Turkish developer Lemi Orhan Ergin has found a colossal security hole in the latest shipping version of MacOS, High Sierra 10.13.
— Lemi Orhan Ergin (@lemiorhan) November 28, 2017
The bug allows anyone to gain admin rights to the computer, letting them login as “root” without needing to enter a password.
That sounds bad
Yes. This is pretty bad of Apple, the company which previously brought us a security hole that displayed users’ actual passwords rather than a password hint.
D’oh! Apple seems to be making a habit of this… how could this security hole be exploited?
Simple. Imagine you leave you nip away for lunch at work, and leave your computer unattended on your desk. Your arch-business rival wanders over to your desk, boots up your iMac or Macbook, logs in as root, and installs some malware to spy on you.
Once someone has root on your Mac, they have God-like powers over the entire system.
Nasty. So this is a problem with the login screen at bootup?
Nope, it looks like it’s more than that. For instance, anytime the operating system asks you to enter an admin password (for instance, when changing your System Preferences) you could trick the computer into logging you in as “root”, no password required.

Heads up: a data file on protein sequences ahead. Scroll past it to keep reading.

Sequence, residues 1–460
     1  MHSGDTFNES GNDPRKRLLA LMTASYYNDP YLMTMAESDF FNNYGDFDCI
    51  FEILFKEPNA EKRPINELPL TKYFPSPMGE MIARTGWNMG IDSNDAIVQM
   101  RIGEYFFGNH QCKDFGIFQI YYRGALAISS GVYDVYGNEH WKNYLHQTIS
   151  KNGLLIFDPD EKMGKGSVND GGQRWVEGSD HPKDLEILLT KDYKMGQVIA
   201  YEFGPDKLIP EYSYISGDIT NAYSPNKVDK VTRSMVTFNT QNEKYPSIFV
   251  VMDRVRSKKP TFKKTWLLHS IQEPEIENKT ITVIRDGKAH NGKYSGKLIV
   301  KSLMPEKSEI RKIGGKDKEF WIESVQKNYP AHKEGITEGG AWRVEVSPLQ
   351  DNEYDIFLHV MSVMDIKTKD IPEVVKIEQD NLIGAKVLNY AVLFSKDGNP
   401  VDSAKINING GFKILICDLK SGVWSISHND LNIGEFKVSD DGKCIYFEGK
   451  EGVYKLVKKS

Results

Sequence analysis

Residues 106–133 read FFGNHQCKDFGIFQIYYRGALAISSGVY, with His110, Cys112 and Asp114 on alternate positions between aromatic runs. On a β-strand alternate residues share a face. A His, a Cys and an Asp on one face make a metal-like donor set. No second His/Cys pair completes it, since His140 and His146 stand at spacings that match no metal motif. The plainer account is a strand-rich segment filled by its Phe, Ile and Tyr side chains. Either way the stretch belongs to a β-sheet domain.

But an attacker needs to have physical access to a Mac computer in order to exploit this flaw?
Not so fast. For instance, security researcher Patrick Wardle reports that in some cases it is possible to exploit the flaw remotely.
If certain sharing services enabled on target – this attack appears to work 💯 remote 🙈💀☠️ (the login attempt enables/creates the root account with blank pw) Oh Apple 🍎😷🤒🤕 pic.twitter.com/lbhzWZLk4v
— Patrick Wardle (@patrickwardle) November 28, 2017
In other words, an attacker could use this technique to gain control over your Mac via VNC/Apple Remote Desktop.
You can tell just how serious this is by the sheer number of emojis Patrick included in his tweet.
This is so dumb
The over-use of emojis? Oh, you mean the security hole.
Yes, it is.
That’s why you should change your root password so it’s no longer the (blank) default.
Obviously if you take the route (geddit?) of changing your root password, make sure that it’s a strong, unique password that is hard to crack.
Apple is reportedly working on a fix. I would imagine they will be pushing it out as a high priority. Make sure to update your Macs and MacBooks at your earliest opportunity after it is released.
For more discussion on this topic, be sure to listen to this episode of the Smashing Security podcast:
Update: Apple has now pushed out a security update for macOS High Sierra users that fixes the issue.